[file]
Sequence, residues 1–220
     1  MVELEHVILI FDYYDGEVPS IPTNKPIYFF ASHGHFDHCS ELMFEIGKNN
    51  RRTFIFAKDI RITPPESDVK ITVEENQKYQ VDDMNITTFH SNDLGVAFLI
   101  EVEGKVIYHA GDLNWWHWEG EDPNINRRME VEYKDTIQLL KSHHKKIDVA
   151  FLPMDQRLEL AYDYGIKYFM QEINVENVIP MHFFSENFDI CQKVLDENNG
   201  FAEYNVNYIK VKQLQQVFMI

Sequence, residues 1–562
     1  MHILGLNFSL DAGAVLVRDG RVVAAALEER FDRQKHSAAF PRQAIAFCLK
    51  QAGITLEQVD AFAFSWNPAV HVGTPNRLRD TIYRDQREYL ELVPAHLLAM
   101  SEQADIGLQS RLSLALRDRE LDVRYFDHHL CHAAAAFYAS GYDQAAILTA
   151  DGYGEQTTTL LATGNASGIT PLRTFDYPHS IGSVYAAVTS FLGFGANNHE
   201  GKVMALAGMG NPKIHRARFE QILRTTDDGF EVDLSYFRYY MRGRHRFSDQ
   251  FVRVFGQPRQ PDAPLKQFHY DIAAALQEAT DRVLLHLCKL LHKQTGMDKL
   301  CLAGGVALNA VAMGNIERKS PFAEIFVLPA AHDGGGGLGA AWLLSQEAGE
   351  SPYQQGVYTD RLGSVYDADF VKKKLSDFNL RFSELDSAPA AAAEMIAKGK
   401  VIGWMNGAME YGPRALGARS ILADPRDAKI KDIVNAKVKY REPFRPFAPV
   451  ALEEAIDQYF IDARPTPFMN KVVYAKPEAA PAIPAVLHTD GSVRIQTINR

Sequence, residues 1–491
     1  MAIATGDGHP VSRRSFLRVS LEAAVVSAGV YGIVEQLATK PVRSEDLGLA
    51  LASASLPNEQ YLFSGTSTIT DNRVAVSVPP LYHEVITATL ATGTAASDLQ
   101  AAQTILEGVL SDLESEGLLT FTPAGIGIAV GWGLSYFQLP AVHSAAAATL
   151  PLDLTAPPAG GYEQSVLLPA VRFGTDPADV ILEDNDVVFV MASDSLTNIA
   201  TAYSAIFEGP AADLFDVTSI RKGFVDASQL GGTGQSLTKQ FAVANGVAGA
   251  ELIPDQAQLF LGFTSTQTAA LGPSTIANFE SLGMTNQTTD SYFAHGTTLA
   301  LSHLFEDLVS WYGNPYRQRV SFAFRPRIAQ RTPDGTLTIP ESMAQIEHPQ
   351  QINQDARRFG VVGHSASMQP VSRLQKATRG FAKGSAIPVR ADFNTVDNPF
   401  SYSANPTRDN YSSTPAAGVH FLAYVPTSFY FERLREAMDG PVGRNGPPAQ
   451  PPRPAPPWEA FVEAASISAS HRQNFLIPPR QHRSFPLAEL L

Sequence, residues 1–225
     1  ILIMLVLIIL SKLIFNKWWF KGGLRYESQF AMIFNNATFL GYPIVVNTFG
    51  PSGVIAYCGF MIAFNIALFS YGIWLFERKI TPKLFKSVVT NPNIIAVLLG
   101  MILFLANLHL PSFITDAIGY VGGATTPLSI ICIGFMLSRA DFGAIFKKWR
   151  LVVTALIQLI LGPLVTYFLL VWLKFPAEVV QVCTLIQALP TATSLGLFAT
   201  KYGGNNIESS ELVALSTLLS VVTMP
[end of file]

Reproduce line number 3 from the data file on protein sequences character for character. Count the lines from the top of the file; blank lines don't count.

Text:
    51  RRTFIFAKDI RITPPESDVK ITVEENQKYQ VDDMNITTFH SNDLGVAFLI